Pensacola: What President Trump tweeted about Apple

He did Apple a big favor on China trade, and now ("NOW!") he wants something in return.

My take: You don't have to be as computer-ignorant as Donald Trump to think that Apple has a key that would do the trick. Barack Obama knew better, but he still wanted a backdoor. Here's what he told the tech crowd at SXSW four years ago, before the San Bernardino shooter's password had been cracked:

If technologically it is possible to make an impenetrable device or system where the encryption is so strong that there is no key, there’s no door at all, then how do we apprehend the child pornographer, how do we solve or disrupt a terrorist plot?

What mechanisms do we have available to even do simple things like tax enforcement because if in fact you can’t crack that at all, government can’t get in, then everybody is walking around with a Swiss bank account in their pocket.

See also:

UPDATE, from the NYTimes:

Some of the frustration within Apple over the Justice Department is rooted in how police have previously exploited software flaws to break into iPhones. The Pensacola gunman’s phones were an iPhone 5 and an iPhone 7 Plus, according to a person familiar with the investigation who declined to be named because the detail was confidential.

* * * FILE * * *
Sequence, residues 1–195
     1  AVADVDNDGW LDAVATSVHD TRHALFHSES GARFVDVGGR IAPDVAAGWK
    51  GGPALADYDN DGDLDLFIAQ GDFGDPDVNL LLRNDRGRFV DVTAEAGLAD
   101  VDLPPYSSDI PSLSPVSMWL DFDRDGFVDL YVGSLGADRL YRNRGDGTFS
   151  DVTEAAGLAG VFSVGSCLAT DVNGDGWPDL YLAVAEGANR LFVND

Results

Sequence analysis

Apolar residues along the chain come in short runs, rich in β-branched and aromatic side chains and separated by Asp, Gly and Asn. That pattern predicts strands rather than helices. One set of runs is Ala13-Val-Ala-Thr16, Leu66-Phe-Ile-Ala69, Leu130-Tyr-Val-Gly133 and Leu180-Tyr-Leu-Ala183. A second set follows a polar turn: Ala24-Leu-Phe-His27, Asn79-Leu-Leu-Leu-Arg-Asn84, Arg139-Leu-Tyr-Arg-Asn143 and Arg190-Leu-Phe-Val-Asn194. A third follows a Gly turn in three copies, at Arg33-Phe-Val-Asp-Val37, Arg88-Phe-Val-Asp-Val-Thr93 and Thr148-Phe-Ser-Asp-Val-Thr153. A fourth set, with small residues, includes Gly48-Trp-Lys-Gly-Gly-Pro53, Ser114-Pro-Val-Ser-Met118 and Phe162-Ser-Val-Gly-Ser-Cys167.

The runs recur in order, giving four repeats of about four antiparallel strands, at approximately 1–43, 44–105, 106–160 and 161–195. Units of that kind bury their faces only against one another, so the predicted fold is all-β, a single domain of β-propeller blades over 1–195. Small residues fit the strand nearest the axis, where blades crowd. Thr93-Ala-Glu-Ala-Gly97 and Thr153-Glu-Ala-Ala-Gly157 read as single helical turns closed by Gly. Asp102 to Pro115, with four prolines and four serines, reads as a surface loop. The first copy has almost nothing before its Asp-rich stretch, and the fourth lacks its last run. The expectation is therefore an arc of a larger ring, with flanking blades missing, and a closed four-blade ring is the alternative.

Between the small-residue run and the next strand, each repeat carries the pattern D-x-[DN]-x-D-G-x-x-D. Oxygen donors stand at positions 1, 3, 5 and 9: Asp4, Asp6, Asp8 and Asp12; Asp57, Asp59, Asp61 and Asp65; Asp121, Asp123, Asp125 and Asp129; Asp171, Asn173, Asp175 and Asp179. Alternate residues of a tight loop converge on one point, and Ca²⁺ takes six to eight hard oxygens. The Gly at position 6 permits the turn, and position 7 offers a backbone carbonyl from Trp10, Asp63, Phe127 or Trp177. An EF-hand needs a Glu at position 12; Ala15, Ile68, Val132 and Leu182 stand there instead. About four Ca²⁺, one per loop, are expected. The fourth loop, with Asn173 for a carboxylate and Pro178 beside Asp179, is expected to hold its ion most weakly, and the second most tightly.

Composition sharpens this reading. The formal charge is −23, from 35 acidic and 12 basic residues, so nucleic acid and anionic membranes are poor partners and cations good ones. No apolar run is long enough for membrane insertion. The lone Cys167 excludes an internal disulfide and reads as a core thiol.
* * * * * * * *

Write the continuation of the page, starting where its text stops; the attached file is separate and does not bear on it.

Those phones, released in 2012 and 2016, lack Apple’s most sophisticated encryption. The iPhone 5 is even older than the device in the San Bernardino ca se, which was an iPhone 5C.

Security researchers and a former senior Apple executive who spoke on the condition of anonymity said tools from at least two companies, Cellebrite and Grayshift, have long been able to bypass the encryption on those iPhone models.


  1. David Emery said:
    It seems to me that the Administration just cannot believe that Apple has no ‘magic key’ to unlock an iPhone.

    Of course, that’s not unique to this administration. James Comey had a similar attitude.

    January 15, 2020
    • John Konopka said:
      They are just want to bully Apple into bending to their will.

      January 15, 2020
  2. Jerry Doyle said:
    As an individual with four decades of government service at multiple levels ending with associations with SESers, Assistant Secretaries and staffers to Cabinet officers I feel that I can say definitively that no information is sacred from abuse or exploitation within the bureaucratic system. Even presidents in the Oval Office over periods cannot control leaks and abuse of some of the most privileged security conversations; and to believe that such immunity granted, if obtained from Apple, would not be abused or exploited and shared with other international security agencies is myopic and simply naive.

    January 15, 2020
    • Gianfranco Pedron said:
      As an individual without any government service I can say all it all using two words “… well … duuuh!”

      January 15, 2020

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